Two Halves Make A...
Stanford students possess an intellectual vitality. Reflect on an idea or experience that has been important to your intellectual development.
In the first grade, I told my classmates that one of my favorite foods was rice. One of my friends asked me why, and I responded, “Why not? Doesn’t everyone eat rice daily?”
It took me a while to realize that not everyone has Vietnamese cuisine for dinner regularly. I began to notice the cultural divides all around me, including the ones within my own family. I noticed how my father’s Caucasian family and my mother’s Vietnamese family never truly intermingled with one another. For example, I had two Christmases every year, one with my dad’s side of the family and one with my mother’s side. One in which I spoke English, the other in Vietnamese. I found myself suspended between two worlds.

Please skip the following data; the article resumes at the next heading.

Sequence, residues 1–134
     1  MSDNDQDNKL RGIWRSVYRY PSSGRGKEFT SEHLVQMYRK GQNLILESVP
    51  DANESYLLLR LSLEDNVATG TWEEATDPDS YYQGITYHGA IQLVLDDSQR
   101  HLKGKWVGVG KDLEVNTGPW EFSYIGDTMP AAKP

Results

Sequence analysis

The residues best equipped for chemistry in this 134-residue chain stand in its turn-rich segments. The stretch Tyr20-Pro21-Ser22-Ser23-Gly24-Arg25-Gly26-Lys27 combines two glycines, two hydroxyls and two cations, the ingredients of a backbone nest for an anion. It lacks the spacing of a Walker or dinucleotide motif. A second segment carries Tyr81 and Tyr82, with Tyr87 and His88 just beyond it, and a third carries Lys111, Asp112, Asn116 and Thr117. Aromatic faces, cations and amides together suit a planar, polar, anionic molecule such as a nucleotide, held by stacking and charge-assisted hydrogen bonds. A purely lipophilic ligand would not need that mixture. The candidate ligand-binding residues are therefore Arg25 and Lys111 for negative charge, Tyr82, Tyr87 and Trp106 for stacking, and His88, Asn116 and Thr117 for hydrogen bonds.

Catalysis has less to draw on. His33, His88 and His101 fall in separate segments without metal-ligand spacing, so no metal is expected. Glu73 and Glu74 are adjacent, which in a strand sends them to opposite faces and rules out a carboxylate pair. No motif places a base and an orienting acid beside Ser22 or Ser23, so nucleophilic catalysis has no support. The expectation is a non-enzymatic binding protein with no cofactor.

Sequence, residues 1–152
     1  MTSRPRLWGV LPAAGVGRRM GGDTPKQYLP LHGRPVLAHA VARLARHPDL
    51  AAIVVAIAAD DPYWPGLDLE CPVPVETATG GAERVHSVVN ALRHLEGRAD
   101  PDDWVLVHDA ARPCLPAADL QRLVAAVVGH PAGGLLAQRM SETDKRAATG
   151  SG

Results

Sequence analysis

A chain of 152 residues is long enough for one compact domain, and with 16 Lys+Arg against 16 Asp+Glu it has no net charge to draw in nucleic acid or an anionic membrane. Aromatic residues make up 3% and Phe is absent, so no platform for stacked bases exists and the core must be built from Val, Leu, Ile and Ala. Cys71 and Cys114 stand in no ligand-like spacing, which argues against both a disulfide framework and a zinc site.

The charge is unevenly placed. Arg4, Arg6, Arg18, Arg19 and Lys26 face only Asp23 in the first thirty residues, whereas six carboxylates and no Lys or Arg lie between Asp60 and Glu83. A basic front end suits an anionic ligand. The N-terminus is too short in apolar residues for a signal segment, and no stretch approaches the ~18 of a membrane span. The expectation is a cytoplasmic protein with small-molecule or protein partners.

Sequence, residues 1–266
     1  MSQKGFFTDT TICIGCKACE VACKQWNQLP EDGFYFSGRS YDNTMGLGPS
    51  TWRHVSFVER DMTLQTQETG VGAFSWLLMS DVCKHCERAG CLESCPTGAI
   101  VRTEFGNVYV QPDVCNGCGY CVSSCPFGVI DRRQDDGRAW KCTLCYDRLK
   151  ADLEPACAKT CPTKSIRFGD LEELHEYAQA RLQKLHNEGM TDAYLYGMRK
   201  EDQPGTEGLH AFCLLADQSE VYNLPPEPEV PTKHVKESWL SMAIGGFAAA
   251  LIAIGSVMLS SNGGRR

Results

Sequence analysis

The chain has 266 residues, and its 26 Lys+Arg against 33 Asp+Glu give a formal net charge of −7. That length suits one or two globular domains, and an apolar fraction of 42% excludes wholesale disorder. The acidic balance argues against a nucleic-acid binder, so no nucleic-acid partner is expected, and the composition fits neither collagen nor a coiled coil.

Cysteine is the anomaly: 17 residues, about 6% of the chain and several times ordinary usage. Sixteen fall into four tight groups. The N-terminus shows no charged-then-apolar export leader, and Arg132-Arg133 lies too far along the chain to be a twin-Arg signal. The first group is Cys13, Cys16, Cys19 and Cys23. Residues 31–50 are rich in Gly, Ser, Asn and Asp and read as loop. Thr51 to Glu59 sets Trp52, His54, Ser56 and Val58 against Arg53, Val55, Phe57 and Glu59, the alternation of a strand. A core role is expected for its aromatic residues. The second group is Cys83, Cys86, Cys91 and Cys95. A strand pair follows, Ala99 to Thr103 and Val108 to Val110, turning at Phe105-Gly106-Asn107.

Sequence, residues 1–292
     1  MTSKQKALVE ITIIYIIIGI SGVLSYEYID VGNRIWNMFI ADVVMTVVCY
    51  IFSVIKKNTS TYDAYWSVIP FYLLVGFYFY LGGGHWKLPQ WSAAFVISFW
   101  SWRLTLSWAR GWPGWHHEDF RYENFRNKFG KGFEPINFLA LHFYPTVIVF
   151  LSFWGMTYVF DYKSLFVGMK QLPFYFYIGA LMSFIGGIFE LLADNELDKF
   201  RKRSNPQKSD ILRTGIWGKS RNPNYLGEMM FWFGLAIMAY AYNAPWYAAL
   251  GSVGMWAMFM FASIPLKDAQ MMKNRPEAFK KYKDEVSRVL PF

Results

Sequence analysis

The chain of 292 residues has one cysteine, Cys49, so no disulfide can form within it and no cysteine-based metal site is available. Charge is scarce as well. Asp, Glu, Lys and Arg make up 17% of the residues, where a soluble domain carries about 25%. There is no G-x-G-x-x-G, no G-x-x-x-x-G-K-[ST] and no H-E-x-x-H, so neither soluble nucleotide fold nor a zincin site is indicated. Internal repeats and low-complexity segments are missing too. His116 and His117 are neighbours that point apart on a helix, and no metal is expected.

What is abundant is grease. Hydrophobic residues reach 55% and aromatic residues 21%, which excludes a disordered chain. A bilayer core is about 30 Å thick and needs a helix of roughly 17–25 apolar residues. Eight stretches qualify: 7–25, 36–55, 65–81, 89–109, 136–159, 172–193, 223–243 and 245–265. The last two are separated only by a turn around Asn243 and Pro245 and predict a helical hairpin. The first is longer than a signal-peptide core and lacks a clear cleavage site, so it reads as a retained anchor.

However, as the years passed, I came to embrace the mixed heritage that set me apart and opened my eyes to all of our differences amongst our similarities. Intrigued by the diversity of the world, I seek to understand others and the worlds they come from. I enjoy learning about other cultures and traditions, and my life in the diverse Bay Area has only fueled this interest. In school, I found myself fascinated in French class, going home every day and struggling to read French news sites as my comprehension and understanding of the culture...
Join Now to View Premium Content
GradeSaver provides access to 1049 study guide PDFs and quizzes, 8154 literature essays, 2279 sample college application essays, 354 lesson plans, and ad-free surfing in this premium content, “Members Only” section of the site! Membership includes a 10% discount on all editing orders.
Already a member? Log in